Beat the retirement sweet spot

We reveal six strategies that can help you maximise your age pension income if your assets are just over the test thresholds.
By · 11 Jul 2024
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11 Jul 2024 · 5 min read
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For many Aussies, their income at retirement will likely come from a mix of superannuation and the age pension. The key is trying to get the balance right and one way to do this is to work out the sweet spot. This is the point where your super is at the maximum level before your age pension is reduced. 

Some retirees will find themselves with assets just beyond the sweet spot. In a nutshell, the challenge for these retirees is that they essentially have a 7.8% penalty for these extra assets - this is the amount of age pension they lose for accumulating additional assets. Why is this a challenge? Most assets won't provide a return of 7.8% to make up for the lost age pension. 

The sweet spot

Let's start with a closer look at the sweet spot using the example of a homeowning couple. They can have $470,000 of combined assets to still receive the full age pension. Assuming they have $50,000 in lifestyle assets (a car, furniture), that leaves them $420,000 of financial assets. At this sweet spot they will receive the full age pension of $43,750 for a couple and, assuming a drawing rate of 4.5% per year from their assets, a further $18,900 from their financial assets - a total of $62,650 per year for their retirement.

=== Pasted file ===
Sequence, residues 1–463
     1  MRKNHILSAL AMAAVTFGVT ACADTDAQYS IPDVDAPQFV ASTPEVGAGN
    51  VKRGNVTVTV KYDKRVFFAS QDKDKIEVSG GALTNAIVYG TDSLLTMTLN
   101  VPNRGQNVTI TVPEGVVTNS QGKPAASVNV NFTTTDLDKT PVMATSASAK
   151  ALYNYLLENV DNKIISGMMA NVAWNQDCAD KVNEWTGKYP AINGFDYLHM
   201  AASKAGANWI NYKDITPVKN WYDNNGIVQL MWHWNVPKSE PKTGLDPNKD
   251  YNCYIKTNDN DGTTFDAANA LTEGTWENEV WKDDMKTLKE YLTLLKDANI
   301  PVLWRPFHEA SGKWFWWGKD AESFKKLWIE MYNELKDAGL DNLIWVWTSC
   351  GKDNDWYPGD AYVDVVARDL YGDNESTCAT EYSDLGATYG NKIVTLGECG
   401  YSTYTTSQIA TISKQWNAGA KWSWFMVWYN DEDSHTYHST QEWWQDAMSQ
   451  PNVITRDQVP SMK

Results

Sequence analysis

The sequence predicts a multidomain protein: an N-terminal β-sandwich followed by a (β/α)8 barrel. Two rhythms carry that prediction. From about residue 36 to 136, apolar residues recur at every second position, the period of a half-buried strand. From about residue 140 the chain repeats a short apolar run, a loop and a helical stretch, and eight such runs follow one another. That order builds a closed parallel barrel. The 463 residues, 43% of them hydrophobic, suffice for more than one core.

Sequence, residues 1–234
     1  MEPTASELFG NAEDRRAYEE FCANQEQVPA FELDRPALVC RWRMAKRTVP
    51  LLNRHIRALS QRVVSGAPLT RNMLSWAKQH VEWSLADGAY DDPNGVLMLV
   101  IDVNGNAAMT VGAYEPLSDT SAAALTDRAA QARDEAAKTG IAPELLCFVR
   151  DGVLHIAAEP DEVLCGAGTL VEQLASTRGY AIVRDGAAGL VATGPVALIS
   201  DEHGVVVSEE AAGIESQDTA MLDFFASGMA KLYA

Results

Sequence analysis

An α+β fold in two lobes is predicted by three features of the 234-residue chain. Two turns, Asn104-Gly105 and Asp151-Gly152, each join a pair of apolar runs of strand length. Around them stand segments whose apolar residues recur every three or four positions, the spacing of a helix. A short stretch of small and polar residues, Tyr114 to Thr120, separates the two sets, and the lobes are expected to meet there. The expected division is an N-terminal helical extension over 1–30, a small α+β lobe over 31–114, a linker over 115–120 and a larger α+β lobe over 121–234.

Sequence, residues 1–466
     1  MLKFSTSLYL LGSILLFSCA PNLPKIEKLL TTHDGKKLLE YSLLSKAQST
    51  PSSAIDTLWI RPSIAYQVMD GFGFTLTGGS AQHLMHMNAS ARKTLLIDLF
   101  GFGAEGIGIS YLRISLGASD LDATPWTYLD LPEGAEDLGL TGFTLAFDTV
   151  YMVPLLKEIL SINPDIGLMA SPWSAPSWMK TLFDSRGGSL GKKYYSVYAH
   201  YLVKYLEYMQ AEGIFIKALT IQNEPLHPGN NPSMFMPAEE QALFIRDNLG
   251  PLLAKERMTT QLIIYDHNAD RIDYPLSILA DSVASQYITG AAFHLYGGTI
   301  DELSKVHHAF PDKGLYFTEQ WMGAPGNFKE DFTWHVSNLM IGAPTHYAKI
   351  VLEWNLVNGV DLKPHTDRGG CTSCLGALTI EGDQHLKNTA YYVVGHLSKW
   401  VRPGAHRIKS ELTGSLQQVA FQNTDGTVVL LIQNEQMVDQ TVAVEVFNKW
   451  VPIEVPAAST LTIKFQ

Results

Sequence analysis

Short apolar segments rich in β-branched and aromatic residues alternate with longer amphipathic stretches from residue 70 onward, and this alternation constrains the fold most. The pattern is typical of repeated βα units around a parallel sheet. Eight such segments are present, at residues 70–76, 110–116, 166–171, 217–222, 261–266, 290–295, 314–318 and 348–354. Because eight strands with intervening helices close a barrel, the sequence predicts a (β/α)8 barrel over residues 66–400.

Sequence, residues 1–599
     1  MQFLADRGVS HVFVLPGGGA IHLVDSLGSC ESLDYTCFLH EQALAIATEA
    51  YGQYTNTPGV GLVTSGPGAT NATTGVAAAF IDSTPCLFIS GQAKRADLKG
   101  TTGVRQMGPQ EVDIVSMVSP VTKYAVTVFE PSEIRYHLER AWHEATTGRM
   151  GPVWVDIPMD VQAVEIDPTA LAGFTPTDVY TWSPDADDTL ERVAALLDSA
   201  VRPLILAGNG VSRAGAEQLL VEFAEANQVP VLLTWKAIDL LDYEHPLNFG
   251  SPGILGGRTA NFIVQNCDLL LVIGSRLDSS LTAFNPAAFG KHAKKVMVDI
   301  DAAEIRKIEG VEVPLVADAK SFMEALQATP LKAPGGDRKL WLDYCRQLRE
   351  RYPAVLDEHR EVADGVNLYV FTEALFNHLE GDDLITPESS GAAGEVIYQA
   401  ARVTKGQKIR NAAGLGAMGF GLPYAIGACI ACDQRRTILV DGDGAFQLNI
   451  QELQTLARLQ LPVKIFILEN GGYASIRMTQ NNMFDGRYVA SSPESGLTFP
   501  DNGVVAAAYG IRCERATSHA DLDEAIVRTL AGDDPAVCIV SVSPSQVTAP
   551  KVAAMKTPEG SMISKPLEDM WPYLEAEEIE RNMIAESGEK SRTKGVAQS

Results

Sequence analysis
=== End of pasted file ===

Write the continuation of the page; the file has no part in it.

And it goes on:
As people accumulate more assets beyond this point, they start to lose access to the age pension. For every extra $1000 of assets they accumulate, they lose $3 per fortnight of age pension, or $78 per year (7.8%). 

Let's consider a homeowning couple with $1 million in financial assets and lifestyle assets that take their total assets to the upper limit for the asset test, $1,031,000. This couple will not receive any part age pension. Assuming that they withdraw from their financial assets at a rate of 4.5%, which is a sustainable withdrawal rate, they will have $45,000 per year in retirement. 

This demonstrates the challenge - the couple who have accumulated around 2.5 times the assets have, at first glance, have the lower retirement income. However, they are in the stronger financial position and there are a number of strategies they can use to take advantage of their relatively strong financial position. Let's take a look at six options.

Invest in a lifetime income stream

One option is to use part of your super to buy a lifetime annuity. The benefit is that the asset test generally only takes into account 60% of the value of the annuity. 

There are a variety of factors to consider in this decision, including the reduced flexibility that a lifetime income stream offers, however, it is a strategy to consider to reduce the value of assets to receive more age pension.  

If the couple in the case study with financial assets of $1 million were to use $400,000 of capital to purchase a lifetime income stream, they would reduce their assets by around $160,000 for the asset test and be able to receive around $480 a fortnight in part age pension. 

It's worth noting that higher interest rates provide more attractive lifetime income streams and the current higher-rate environment might be another reason to consider them as part of a retirement strategy. 

Withdraw at a higher rate  

Given the safety net of being close to receiving some part age pension, the couple in the case study may well decide that it is appropriate to draw from their assets at a higher rate than the 4.5% a year. A rate of 7% might be more appropriate, giving them $70,000 a year. This approach gives them significantly more retirement spending power and, as their assets reduce over time, they will start to receive some part age pension.